A group of local firefighters have mounted a fundraising effort to help the family of Capt. Jeff Bowen, who died July 28, 2011, while responding to a fire at the medical office building at 445 Biltmore Avenue, across from St. Joseph’s campus of Mission Hospital.
Jay Bettencourt, a fireman who worked with Bowen and almost lost his own life fighting the same blaze at Mission Hospital, launched a website Jan. 4 to sell T-shirts honoring his fallen captain (www.captainjeffbowen.com). All of the proceeds will be given to Bowen’s family.
“This website is a way for me to continue to serve Capt. Bowen by supporting his family in his absence. … To make sure his mother, wife and three children continue to get support,” he explains. “They’ve gotten quite a bit of outreach from the community, from the fire service in these months. And I just want to make sure it continues for the rest of their lives. Capt. Bowen would have been there for them for decades to come. And I want to help fill in that void.”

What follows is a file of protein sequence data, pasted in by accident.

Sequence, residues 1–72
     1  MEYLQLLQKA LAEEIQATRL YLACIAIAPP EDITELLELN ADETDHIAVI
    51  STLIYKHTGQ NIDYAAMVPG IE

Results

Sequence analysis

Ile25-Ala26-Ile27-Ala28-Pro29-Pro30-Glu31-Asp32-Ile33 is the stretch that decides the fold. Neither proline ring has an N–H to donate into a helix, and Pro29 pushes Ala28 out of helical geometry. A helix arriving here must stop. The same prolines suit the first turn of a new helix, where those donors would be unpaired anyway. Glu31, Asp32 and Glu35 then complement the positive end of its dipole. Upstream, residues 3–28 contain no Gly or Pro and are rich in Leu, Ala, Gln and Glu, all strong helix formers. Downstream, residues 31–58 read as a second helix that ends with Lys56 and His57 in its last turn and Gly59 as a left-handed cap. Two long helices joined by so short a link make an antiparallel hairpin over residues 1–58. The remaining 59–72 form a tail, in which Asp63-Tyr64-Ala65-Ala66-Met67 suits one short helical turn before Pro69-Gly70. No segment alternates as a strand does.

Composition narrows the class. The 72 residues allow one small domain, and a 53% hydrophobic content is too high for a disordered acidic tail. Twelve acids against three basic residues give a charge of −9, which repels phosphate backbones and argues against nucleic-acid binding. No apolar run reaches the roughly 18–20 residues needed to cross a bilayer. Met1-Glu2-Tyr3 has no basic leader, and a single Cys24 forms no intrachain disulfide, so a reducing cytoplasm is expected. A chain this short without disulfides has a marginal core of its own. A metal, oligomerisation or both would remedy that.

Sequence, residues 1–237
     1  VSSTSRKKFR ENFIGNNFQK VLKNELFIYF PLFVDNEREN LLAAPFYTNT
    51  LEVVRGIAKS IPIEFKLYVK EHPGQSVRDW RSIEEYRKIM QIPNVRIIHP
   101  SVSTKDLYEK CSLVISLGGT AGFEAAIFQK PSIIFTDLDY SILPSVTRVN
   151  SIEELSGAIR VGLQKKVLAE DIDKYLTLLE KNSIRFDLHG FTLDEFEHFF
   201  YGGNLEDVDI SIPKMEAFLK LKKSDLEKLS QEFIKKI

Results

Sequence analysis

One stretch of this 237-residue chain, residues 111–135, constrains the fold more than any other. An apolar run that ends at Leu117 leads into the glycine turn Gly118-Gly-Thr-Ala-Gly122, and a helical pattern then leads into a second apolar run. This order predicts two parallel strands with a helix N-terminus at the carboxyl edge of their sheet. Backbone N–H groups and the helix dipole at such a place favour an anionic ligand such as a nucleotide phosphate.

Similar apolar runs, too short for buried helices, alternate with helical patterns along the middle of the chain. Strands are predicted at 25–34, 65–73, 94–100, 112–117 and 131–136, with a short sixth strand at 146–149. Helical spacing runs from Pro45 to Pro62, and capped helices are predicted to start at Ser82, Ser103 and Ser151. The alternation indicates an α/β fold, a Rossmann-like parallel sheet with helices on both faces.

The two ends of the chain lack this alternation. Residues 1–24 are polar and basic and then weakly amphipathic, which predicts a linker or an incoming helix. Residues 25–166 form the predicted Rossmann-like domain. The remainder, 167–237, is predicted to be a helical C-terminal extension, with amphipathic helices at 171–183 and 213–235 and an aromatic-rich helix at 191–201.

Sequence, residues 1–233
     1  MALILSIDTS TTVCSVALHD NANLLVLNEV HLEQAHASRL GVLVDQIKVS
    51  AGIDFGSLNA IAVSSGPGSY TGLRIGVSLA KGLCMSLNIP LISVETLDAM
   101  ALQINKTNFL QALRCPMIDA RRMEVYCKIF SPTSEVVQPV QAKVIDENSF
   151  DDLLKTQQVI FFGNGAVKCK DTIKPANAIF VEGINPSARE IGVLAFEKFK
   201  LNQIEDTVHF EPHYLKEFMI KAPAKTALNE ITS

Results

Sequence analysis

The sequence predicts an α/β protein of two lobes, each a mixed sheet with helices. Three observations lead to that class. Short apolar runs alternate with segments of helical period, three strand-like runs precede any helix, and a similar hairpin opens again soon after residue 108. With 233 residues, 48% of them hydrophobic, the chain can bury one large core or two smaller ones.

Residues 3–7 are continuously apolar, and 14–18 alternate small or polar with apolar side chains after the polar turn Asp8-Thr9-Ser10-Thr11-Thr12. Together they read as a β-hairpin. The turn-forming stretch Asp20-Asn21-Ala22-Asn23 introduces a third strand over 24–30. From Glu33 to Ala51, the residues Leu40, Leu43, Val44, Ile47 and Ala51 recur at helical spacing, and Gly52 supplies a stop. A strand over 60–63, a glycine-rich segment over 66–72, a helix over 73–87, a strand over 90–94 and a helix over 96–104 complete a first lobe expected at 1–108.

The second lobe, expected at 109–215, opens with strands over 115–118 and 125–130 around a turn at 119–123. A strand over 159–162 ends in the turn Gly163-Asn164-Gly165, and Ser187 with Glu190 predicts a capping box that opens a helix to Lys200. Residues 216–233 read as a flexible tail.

The T-shirts were designed by Rick Miller, another firefighter who worked under Bowen. They’ve already sold about 2,000 of them over the last several months, in person at local fundraisers, says Bettencourt. But he hopes the new website will help them sell on a much bigger scale.
“There’s a lot of people at other fire departments around the state, around the nation, that wanted these T-shirts,” says Bettencourt. “This is a chance for others to get these shirts and show support for the Bowen family and the fire department in general.”
The Asheville Fire Department and the Asheville Firefighters’ Association have both been very supportive of the effort, according to Bettencourt.
Asheville Fire Chief Scott Burnette has arranged for an email to go out to all the firefighters in the state linking to the website. And the local firefighters association put up the initial funding to produce the first round of shirts, Bettencourt says.
Another local firefighter who worked to put down the Mission Hospital blaze, Jeremy Brooks, was also instrumental in getting the effort going, birthing the idea within days of Bowen’s death, says Burnett.
Meanwhile, earlier this week, the Buncombe County Board of Commissioners requested that the North Carolina Board of Transportation rededicate the Smoky Park Bridge in Bowen’s name. And authorities are continuing to search for any suspects who may be involved with starting the fire, which investigators determined was arson. Bowen’s passing marked the first time an Asheville firefighter had died in the line of duty since 1982.